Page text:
Saturday, November 10, 2007

Getting Ready for my Next Chemo Cycle

A female friend of ours FINISHED the New York Marathon last Sunday. Congratulations CB on the training and the accomplishment! There was a great picture of her on the Internet with Katie Holmes (Tom Cruise’s wife) running just behind her about two thirds of the way through the race.

My next chemo cycle begins in 2 weeks and 2 days, not that I’m counting. I will begin my training today for this other type of marathon. I just recently learned the following about cancer treatment, fitness and survival. I guess I knew it before as it is intuitive, but had never seen any studies on it until yesterday.

A little background it is order. The physical fitness of patients is rated by their doctors. A number of “performance scales” can be used in this measurement process. One popular rating scale is the ECOG / WHO / Zubrod score. It rates patients on a 0 to 5 scale as follows:
0 - Asymptomatic (showing no evidence of disease)
1 - Symptomatic, but completely ambulant
2 - Symptomatic, <50% in bed
3 - Symptomatic, >50% in bed, but not bedbound
4 - Bedbound
5 – Death

Most people try to avoid being a 5. A little gallows humor. I would rate myself currently at a 2 level. During heavy periods of chemo or following more significant surgeries, I have been in the 4 category. I have also been in the 3 category, bordering on a 4, for more than a month at a time during the latter stages of some of my chemo treatments. Aggressive chemo can be very debilitating.

More background - I received the newsletter from my cancer center yesterday. In it was an article titled, “Fatigue as a predictor: advanced lung cancer.” As you know, I don’t have lung cancer, but Head & Neck cancer is so far down on the list of types of cancer (and therefore receives relatively little funding) that much of what my doctors model their treatment plans on are the success of lung cancer studies. They feel there is a high enough correlation between lung cancer and Head & Neck cancer that there is validity in this approach. Based on the newsletter article I did a little web surfing and found other articles backing up the one in my cancer newsletter.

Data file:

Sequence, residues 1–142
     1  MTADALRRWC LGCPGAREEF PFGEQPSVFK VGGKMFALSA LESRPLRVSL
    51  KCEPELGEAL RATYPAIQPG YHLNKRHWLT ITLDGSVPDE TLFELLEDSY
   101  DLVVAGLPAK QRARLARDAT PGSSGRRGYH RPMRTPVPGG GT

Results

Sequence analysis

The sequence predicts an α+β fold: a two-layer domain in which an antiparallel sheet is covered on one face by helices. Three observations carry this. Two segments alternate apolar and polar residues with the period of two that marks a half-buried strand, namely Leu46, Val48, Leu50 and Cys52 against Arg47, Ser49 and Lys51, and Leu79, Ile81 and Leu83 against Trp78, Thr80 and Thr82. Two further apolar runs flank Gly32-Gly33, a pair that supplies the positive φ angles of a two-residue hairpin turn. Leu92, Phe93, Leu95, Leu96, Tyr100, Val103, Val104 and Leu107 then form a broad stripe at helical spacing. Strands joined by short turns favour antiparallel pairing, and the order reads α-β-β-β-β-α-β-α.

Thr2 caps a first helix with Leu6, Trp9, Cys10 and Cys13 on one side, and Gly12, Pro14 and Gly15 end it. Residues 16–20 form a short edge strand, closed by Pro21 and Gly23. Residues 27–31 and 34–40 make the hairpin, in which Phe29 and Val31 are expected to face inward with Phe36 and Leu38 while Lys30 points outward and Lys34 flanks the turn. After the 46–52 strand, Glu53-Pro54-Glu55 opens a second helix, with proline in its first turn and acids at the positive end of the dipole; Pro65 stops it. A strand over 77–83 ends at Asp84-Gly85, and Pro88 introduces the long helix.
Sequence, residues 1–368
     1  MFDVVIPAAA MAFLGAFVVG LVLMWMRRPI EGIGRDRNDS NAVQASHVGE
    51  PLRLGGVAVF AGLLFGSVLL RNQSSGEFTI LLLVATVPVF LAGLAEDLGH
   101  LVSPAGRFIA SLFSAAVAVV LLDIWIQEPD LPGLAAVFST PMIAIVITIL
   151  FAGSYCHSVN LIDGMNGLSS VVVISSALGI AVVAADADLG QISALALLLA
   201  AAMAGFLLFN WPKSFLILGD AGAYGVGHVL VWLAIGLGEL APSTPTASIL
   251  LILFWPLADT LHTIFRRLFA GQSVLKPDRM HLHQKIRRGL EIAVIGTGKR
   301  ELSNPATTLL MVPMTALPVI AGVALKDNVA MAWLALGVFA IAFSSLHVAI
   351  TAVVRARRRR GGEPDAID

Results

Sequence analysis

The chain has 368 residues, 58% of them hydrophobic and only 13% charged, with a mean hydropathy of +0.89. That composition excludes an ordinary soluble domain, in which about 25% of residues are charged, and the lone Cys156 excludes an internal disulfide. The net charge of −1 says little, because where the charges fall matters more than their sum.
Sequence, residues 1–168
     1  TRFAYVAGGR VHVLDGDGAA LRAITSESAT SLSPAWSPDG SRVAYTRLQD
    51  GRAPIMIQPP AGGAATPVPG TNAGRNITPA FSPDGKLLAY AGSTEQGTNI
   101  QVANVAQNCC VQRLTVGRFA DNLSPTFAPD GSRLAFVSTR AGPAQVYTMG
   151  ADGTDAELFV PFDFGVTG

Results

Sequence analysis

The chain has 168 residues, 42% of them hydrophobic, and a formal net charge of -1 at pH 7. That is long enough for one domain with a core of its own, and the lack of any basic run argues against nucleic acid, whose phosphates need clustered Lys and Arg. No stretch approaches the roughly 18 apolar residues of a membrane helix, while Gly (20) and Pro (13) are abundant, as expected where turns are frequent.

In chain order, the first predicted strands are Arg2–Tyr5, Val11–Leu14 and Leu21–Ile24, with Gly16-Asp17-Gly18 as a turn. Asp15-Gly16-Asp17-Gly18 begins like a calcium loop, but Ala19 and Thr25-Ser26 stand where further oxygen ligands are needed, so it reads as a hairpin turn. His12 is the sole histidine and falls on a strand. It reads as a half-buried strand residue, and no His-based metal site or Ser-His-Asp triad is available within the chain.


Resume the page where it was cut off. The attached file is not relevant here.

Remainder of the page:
Okay, it’s taken me a while to get to the point in this blog entry, but here it is… there is a high correlation between one’s fitness going into chemo and their prognosis. In one study of treatment-related death (TRD – it seems like there is an acronym for everything), 2.3% of the patients died from chemo toxicity. It’s not a big number, but is would suck to be in that 2.3% group. TRD for patients with a Performance Score of 4 were 36 times (yes, 36) more likely to die from chemo toxicity than patients with a performance score of 0. Patients with a performance score of 2 were almost twice as likely to die from chemo toxicity than a patient with a performance score of 1. Going back to the article in my cancer newsletter, the conclusions made there was more qualitative. But their bottom line was that those with a better PR scores could tolerate their chemo treatments longer and were therefore more likely to complete them. That in turn led to a better prognosis.

Many of you probably remember from a few months ago when I threw in the towel and couldn’t complete my last round of chemo cycle 8. I was too fatigued and honestly felt like the chemo would kill me before my disease. As such, I still don’t regret not moving forward with that last round. I have reached the conclusion though that if something is going to save me, it is going to be a systemic solution (like chemo) versus a point solution (like surgery). That’s not to say that surgery doesn’t have a place in my future treatment options, but I’m convinced surgery is not going to cure me whereas I still have the hope for a cure with some systemic type treatment.

I will workout today and will try to do some type of workout everyday going forward to move from a 2 to a 1 on the performance rating scale in preparation for my next chemo.

Have a good weekend and take care everyone.


Fran in Pgh said...

Glad to hear your resolve here, Ed. As Barry just said, "What a great attidtude. That's great data, keep it in mind and keep reminding yourself of it. Get to work and keep it going'!

Love you, and see you soon

justme519 said...

As usual you seem to have a great plan. Thank you for the useful data. You sound strong and that makes me smile. Hope your having a good week-end.